What is a secondary dimension?

Take a look at the image below. It's showing a metric (in this case sessions) and a dimension (in this case date).

But what if you want to split up that information even further, for example, to see sessions split by gender?

That's where secondary dimensions come in: In this example, gender is the secondary dimension.

Here's what the same "sessions" data looks like when we've chosen "gender" as a secondary dimension.

You still see sessions by date, but the extra dimension (gender) gives more detail to the chart.

Adding a secondary dimension

Secondary dimensions are available for many of our line charts and column charts, for both reports and custom dashboards.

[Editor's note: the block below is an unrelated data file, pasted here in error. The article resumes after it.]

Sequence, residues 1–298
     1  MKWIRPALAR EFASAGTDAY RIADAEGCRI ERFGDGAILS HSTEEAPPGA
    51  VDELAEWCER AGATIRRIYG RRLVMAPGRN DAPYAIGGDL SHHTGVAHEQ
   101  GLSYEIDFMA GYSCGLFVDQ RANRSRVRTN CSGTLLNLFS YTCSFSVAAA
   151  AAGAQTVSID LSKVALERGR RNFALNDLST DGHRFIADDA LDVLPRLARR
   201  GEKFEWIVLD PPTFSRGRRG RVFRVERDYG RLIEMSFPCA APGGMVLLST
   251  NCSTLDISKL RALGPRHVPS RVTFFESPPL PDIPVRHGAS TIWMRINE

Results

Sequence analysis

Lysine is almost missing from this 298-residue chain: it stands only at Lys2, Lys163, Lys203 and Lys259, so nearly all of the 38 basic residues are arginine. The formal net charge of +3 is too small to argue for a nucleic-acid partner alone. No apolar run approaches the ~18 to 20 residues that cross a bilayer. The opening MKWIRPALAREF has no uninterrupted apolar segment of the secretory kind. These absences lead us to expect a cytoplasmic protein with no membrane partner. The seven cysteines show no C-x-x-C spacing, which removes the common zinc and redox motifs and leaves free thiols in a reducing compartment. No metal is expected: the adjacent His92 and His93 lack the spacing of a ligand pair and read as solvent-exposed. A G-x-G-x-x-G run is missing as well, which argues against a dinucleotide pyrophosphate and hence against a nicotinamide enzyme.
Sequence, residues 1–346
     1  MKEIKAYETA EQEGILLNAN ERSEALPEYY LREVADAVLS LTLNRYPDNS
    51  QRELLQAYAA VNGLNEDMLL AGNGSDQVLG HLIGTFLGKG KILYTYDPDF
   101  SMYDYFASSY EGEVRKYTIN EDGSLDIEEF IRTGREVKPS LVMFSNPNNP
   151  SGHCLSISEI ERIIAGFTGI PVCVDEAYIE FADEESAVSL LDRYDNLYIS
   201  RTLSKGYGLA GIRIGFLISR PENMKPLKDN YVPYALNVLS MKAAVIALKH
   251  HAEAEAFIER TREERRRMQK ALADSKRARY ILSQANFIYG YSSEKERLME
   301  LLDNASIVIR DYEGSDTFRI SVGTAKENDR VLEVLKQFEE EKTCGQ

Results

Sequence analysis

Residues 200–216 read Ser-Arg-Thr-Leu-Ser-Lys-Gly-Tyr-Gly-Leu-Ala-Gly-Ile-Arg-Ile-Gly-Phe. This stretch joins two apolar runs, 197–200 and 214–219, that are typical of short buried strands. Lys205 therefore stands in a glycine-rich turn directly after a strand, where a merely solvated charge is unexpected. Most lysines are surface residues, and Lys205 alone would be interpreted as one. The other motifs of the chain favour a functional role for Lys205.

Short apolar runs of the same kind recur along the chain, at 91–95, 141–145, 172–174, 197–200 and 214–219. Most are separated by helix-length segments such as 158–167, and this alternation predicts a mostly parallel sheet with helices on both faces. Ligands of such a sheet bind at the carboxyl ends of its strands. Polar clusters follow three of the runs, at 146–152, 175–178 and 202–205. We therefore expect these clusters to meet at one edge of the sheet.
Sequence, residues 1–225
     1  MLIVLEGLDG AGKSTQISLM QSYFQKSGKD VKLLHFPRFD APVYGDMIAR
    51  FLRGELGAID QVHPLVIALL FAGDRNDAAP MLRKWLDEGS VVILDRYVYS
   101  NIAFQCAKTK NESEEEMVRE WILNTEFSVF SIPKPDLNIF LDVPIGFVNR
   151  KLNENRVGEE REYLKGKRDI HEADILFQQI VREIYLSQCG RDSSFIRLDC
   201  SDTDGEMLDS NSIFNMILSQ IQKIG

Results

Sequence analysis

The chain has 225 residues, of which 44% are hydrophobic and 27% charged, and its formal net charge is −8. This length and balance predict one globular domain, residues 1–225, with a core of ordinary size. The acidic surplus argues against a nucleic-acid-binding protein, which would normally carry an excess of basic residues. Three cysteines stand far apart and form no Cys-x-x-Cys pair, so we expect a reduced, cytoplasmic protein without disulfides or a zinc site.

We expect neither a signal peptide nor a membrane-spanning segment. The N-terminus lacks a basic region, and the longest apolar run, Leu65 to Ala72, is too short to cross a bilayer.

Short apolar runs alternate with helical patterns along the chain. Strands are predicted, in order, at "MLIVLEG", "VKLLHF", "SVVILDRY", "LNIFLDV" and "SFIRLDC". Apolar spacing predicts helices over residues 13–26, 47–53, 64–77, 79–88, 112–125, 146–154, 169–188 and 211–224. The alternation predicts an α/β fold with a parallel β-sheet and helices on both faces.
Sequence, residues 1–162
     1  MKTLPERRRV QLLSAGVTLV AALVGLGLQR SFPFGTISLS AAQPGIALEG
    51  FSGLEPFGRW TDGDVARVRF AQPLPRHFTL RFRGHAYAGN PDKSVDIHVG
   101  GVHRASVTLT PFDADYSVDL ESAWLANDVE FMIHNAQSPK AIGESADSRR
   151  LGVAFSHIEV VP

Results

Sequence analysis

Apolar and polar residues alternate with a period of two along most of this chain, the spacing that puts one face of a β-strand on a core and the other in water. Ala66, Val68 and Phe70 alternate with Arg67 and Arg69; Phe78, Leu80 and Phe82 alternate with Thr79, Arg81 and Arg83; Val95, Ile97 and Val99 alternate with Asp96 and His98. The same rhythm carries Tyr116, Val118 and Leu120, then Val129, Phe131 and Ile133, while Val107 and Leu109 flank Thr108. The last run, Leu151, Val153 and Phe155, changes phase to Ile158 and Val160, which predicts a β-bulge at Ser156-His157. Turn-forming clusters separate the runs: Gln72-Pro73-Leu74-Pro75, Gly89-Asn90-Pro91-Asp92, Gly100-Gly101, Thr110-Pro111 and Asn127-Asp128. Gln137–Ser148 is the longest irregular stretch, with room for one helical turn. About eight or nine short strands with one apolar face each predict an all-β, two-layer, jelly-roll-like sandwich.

To enable a secondary dimension, first ensure you've added a chart widget to your report or custom dashboard.

Then, open the widget's settings by clicking "..." at the top right of the widget, then select "Edit".

If your metric supports secondary dimensions, you'll find this option in the widget's settings. Choose your secondary dimension from the drop-down options, and click "Save Settings".

If you have a line chart, you'll see multiple lines on the chart for your secondary dimension.

If you have a column chart, you'll see extra columns in the chart for your secondary dimension.

Stacked column charts

By default, secondary dimensions are shown as extra side-by-side columns in column chart widgets (like in the Google Rankings widget above).

However, you can also "stack" them.

To do this, open the column widget's settings and change the "Stacked Columns" option to "Yes".

When stacked, the secondary dimension will appear as a different color in each column (rather than as side-by-side columns).

What's Next

Did this answer your question?